A crankshaft mount 1314, which in some embodiments is a generally disc shaped component with a flange 1315, is adapted to attach to a corresponding part (not shown) on the engine crankshaft (also not shown). The flange 1315 in some embodiments includes holes, through which standard fasteners are screwed into threaded holes on a corresponding part attached to the engine crankshaft. In some embodiments, the crankshaft mount 1314 is configured as a cylindrical coupler which is keyed to the engine crankshaft. In the embodiment of FIG. 13, the crankshaft mount 1314 couples to a driver 1372 with a key, spline, fasteners, interference fit, or any other suitable method. The driver 1372 in some embodiments is a cylinder made from hardened steel. In some embodiments two needle roller bearings 1374, 1376, are positioned inside the bore of the driver 1372 and over the central shaft 1305 to absorb the significant torque transferring loads which develop during operation of the PMD 1300. The driver 1372 transfers torque to the first load cam ring 157 and attaches to the first load cam ring 157 with a key, spline, fasteners, interference fit, or any other suitable method.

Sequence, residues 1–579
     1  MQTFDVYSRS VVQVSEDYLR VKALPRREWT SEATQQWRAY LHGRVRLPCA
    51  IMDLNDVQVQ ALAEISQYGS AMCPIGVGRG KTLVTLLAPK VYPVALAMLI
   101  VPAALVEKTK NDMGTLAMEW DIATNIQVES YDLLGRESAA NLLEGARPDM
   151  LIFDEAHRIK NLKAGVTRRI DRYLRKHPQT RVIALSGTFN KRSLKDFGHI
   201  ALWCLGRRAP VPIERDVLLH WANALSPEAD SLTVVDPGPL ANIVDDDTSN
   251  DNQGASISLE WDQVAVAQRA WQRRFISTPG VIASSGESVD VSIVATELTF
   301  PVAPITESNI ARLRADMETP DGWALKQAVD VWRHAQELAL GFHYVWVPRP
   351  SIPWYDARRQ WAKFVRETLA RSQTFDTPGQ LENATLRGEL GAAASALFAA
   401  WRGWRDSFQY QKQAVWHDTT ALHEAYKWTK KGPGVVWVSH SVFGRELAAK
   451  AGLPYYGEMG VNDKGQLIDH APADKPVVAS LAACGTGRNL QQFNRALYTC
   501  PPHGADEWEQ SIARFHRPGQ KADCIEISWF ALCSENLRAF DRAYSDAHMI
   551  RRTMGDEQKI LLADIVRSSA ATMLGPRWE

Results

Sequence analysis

Referring to FIGS. 13 and 14, the PMD 1300 generally shifts in the same manner and with the similar components as the PMD 100, but the lead screw assembly 115 comprising the shift actuator 117, shift gear 118, shift bushing 119, and pulley snap ring 116 are now in the vicinity of the axle 143. The motor 20, driving gear 22, motor bracket 24, and mounting bracket 10 are also now in the vicinity of the axle 143. In this embodiment both the mounting bracket 10 and the crankshaft mount 1314 cooperate to support the PMD 1300.

Referring to FIGS. 21 and 22, the PMD 1300 is shown coupled to the crankshaft of an automobile engine 790 and operably coupled to an alternator 792, a power steering pump 794, and an idler pulley 796. An endless serpentine belt 798, operably coupling to and driven by the pulley 36, powers the alternator 792 and the power steering pump 794. Other automobile accessories (not shown) can also be driven by the serpentine belt 798, such as water pumps, fuel pumps, oil pumps, air conditioning compressors, cooling fans, superchargers, and any other device that can be powered by an automobile engine 790. In certain embodiments, the PMD 1300 couples to the crankshaft via a speed/torque reduction mechanism. For example, a belt or a chain can couple, respectively, a belt driven pulley or a chain driven sprocket connected to the crankshaft to the PMD 1300. In yet other embodiments, the PMD 1300 can be adapted to incorporate or cooperate with a harmonic balancer, which is a device typically coupled to a vehicle engine crankshaft to react vibrational forces that arise during operation of the engine.